'Canada has a long way to go to support a nation of electric vehicle drivers': Consultant
More new electric vehicles hit the road in Canada last year than ever before but the growth is nowhere near what is happening in Europe.
Statistics Canada says 65,253 new battery-only and plug-in hybrid electric cars were registered in the first nine months of 2021, more than the number registered across 12 months in any previous year.
In all of 2020, Canadians registered 54,353 electric vehicles, often referred to as EVs. In 2019, there were 56,165.
Data for the final three months of 2021 is not yet available but for the first nine months, EVs represented five per cent of new cars registered, up from three per cent in both 2020 and 2019.
Joanna Kyriazis, a program manager at Clean Energy Canada, said it is good news to see growth in Canada's EV market, but it's not keeping pace with Europe.
In 2019, France, Germany and the United Kingdom were on par with Canada with electric cars making up between 2.5 and three per cent of all new registrations. By last year, electric vehicles made up almost 18 per cent of new registrations in the U.K., 19 per cent in France and 26 per cent in Germany.
"So they started at the same place as Canada in 2019 and in two years they've seen sales really skyrocket," Kyriazis said. "So I'm hoping that Canada is about to see that same sort of exponential growth in EV sales if we can get around these supply issues."
Kyriazis said demand in Canada is strong, pointing to a recent survey Clean Energy Canada did that found 80 per cent of Canadians were open to buying an electric car before the recent spike in gas prices.
She said the issue is availability.
"Record-low inventory levels are making it so dealerships can't keep up and Canadian drivers are waiting not just months, but in some cases years, to get their hands on a new EV," she said.
Canada has set targets that by 2030, half of new cars registered will be zero-emission vehicles, and by 2035, all of them. That includes battery-only, plug-in hybrid and hydrogen-fuel cell vehicles.
Environment Minister Steven Guilbeault is currently consulting on how best to hit those targets, including a mandatory sales quota system similar to those that already exist provincially in Quebec and British Columbia.
Dealerships that don't sell a big enough proportion of zero-emission vehicles face financial penalties.
Kyriazis said sales mandates are a critical part of the solution because they compel automakers to adjust their production and distribution of vehicles and she said Guilbeault has to follow through with one nationally.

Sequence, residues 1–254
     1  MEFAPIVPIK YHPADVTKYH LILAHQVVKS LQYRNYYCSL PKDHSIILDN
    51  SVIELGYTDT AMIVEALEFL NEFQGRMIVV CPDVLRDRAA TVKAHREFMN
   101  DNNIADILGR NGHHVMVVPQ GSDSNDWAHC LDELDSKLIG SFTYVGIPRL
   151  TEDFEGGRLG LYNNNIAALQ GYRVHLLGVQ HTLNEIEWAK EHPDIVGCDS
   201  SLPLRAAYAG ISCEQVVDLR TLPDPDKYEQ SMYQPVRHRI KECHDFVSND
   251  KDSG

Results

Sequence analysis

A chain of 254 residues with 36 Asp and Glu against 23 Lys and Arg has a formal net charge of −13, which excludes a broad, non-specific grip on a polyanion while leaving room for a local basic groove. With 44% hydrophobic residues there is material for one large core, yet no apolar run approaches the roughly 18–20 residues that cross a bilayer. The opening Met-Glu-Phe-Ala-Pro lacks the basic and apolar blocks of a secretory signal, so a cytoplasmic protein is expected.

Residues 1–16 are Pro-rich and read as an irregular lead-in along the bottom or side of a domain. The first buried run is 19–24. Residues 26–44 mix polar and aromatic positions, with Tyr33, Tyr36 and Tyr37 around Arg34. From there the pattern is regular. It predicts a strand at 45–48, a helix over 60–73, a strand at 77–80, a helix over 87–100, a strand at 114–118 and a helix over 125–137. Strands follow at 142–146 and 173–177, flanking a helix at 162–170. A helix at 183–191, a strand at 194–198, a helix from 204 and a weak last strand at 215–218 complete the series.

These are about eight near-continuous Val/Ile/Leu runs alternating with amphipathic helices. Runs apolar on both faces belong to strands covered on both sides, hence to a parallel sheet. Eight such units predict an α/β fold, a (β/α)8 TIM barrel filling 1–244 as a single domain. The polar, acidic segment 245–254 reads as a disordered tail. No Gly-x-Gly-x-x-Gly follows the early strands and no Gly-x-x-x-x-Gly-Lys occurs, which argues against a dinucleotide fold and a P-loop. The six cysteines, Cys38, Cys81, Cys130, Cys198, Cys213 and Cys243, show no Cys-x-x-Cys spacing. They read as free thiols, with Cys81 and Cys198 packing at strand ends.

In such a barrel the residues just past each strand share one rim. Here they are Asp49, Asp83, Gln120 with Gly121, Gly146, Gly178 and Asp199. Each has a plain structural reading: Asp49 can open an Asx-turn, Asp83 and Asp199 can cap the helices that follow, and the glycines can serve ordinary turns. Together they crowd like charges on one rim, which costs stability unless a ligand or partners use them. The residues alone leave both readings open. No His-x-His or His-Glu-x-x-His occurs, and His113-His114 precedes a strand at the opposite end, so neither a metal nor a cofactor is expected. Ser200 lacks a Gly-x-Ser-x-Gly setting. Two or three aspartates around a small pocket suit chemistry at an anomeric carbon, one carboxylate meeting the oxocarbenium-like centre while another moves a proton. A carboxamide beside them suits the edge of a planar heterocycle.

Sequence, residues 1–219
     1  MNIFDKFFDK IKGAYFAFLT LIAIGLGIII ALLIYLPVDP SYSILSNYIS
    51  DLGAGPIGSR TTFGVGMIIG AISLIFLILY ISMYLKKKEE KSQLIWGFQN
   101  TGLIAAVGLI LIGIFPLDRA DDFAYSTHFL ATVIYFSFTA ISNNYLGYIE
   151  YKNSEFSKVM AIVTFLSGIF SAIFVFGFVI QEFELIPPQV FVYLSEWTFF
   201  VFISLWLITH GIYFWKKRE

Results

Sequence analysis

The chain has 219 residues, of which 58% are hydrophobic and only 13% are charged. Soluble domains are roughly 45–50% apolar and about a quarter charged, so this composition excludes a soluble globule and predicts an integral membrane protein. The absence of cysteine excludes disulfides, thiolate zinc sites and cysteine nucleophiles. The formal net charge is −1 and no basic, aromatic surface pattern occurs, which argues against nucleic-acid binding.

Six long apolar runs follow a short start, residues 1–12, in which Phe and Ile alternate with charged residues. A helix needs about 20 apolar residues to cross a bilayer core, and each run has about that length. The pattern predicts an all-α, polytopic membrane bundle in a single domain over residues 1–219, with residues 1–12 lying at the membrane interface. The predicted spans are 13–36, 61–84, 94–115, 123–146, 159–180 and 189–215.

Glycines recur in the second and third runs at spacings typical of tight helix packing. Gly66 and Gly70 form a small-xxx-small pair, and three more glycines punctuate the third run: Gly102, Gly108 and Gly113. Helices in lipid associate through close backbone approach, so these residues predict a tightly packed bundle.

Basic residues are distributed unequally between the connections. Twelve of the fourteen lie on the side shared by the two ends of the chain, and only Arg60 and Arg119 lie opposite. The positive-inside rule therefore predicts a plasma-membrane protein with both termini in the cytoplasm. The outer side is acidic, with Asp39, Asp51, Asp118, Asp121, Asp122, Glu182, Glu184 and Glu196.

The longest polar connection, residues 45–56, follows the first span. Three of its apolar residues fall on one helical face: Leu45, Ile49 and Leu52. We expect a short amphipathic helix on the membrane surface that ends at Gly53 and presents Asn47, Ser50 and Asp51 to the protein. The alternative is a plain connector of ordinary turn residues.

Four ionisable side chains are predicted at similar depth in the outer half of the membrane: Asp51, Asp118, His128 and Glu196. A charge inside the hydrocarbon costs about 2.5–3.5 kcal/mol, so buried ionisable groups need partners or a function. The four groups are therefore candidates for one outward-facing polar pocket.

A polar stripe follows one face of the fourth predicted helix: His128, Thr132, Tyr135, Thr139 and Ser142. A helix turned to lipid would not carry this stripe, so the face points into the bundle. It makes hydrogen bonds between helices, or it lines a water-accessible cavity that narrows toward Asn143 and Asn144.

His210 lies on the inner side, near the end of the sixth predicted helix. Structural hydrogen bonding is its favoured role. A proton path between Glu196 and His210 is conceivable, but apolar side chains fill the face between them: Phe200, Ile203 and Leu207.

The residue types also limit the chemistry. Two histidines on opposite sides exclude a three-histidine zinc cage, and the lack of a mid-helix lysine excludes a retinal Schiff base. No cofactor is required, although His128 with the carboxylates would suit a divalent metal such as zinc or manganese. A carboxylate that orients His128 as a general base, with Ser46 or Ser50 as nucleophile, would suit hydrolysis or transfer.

In a written statement Monday, Guilbeault said the government remains committed to doing it.
Three in every four electric vehicles registered in Canada last year were sold in B.C. and Quebec. Kyriazis said the mandates are the main reason because they compel automakers to ship most of the available electric vehicles to dealers in those provinces.
Quebec and B.C. also have provincial rebates layered on top of the $2,500 to $5,000 rebate offered by the federal government for many new electric car purchases.
Brian Kingston, president of the Canadian Vehicle Manufacturers' Association, said automakers believe the rebates, not the sales quotas, are what makes the difference.
"We don't see evidence of ZEV mandates or quotas having any impact on demand," he said. "In both B.C. and Quebec, we saw an uptick the moment the (cash) incentive came in place."
In Ontario, when the newly elected Progressive Conservative government did away with a provincial rebate in 2018, sales plummeted. Last spring, when Prince Edward Island and New Brunswick introduced provincial ZEV rebates, electric car sales began to climb.
Nova Scotia and Newfoundland and Labrador also started rebate programs last year but their EV sales statistics aren't reported individually by Statistics Canada.
Kingston's group represents Ford, General Motors and Stellantis, which account for almost two-thirds of the passenger vehicles produced in Canada. The association last week launched a campaign to push the federal government to do more for EV adoption, including investing in public education, investing more in public charging networks, increasing the size of the rebate as much as another $10,000, and expanding which cars qualify for it.
The next federal budget is widely expected to expand the program to used vehicles and more expensive ones, though it's not clear how much bigger the rebate would get.
The automakers do not want the government to proceed with a sales mandate.